GRANITE?FALLS?- A routine request to approve a conditional use permit already approved by the Yellow Medicine County Planning and Zoning Board turned into a debate when a half-dozen of the property owner's neighbors showed up to protest Tuesday at the county board meeting.
Randy Jacobsen, county planning and zoning director, recommended passage of Marshall Meier's request to build a 66-by-83 foot cattle finishing barn on his Echo Township property, with a 12-foot deep manure pit below. The facility is designed to accommodate 995 head of cattle.
Meier's request had already been approved by the planning and zoning board subject to a number of conditions to regulate possible offensive odors.
"Under normal procedures we don't take testimony," said Board Chairman Gary Johnson. "The time for that was at the planning and zoning meeting."
Six neighbors who live on properties adjacent to Meier attended the meeting.
The concerns the neighbors expressed involved potential odors, the facility being located on a high spot on Meier's property within sight of the neighbors and possible wear and tear on the gravel roads by heavily laden manure trucks. Some expressed concern for the resale value of their properties.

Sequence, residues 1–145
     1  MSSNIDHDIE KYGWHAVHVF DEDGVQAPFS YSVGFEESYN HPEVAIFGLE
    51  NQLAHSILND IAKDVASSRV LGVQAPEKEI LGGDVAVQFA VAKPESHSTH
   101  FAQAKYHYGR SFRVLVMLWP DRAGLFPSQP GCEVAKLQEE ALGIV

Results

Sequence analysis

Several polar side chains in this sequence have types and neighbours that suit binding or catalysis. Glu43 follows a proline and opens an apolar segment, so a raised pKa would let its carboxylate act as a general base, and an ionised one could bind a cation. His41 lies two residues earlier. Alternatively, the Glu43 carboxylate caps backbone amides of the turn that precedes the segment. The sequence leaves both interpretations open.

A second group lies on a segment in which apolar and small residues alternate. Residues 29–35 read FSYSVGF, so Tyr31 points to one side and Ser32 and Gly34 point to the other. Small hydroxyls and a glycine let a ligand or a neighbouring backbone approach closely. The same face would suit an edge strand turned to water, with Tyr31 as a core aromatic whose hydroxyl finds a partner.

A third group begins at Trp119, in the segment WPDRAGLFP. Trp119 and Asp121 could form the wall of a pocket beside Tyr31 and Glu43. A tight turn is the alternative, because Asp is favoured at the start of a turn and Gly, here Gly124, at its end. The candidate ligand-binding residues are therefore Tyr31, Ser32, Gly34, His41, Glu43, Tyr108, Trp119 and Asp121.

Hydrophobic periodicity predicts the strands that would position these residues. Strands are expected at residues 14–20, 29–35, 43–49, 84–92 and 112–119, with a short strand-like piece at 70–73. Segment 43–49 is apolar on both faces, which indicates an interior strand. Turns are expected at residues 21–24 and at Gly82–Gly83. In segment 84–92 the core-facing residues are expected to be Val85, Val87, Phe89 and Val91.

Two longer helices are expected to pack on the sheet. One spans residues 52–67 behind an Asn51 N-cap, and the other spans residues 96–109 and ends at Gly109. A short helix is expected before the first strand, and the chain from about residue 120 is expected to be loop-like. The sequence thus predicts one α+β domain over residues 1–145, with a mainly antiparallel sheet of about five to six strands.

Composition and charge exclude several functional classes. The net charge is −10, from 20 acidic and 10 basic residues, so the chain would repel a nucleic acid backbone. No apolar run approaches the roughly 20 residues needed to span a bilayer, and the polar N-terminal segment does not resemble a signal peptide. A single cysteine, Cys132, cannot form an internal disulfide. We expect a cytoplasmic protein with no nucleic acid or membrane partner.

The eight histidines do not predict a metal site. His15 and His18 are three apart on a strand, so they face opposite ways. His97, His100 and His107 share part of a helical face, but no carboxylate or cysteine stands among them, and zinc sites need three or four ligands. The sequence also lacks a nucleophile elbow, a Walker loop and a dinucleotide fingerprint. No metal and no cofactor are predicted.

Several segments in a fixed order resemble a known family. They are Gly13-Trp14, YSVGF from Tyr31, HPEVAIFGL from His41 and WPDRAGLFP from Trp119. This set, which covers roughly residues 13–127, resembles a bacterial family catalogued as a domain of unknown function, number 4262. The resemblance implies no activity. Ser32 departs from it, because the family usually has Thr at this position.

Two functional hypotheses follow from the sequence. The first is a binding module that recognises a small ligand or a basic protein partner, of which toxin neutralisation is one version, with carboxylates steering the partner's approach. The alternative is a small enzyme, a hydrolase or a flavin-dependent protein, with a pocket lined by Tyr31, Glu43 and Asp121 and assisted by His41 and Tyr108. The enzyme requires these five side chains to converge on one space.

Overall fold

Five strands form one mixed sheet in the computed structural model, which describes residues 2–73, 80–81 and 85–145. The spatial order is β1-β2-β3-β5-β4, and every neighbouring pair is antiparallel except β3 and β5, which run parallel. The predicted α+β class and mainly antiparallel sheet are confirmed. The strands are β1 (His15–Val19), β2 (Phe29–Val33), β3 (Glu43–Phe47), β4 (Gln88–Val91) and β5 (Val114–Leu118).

County Assessor Connie Erickson told the board and the residents she had done studies in Yellow Medicine County that failed to show any negative effect of livestock facilities on the assessed values of surrounding properties.
"I contacted six neighboring counties," Erickson said. "Five replied and said they had made no adjustments in their assessments."
After discussion, the board voted unanimously to approve the permit, citing all procedures had been followed, the required two weeks notice had been published and there was the required half-mile distance from the facility to the nearest residence.
"We have to follow our ordinances, we have no choice," Johnson said. "I wish you'd taken this to planning and zoning. You were given two weeks notice. I don't know who informed you to come to this meeting, their job is to take care of this stuff. It takes the politics out of it."
Commissioner Louis Sherlin commented that well-run livestock facilities that are well ventilated and have the proper chemicals applied to the manure pit can control odors.
"If complaints come, it can be closed," Sherlin said.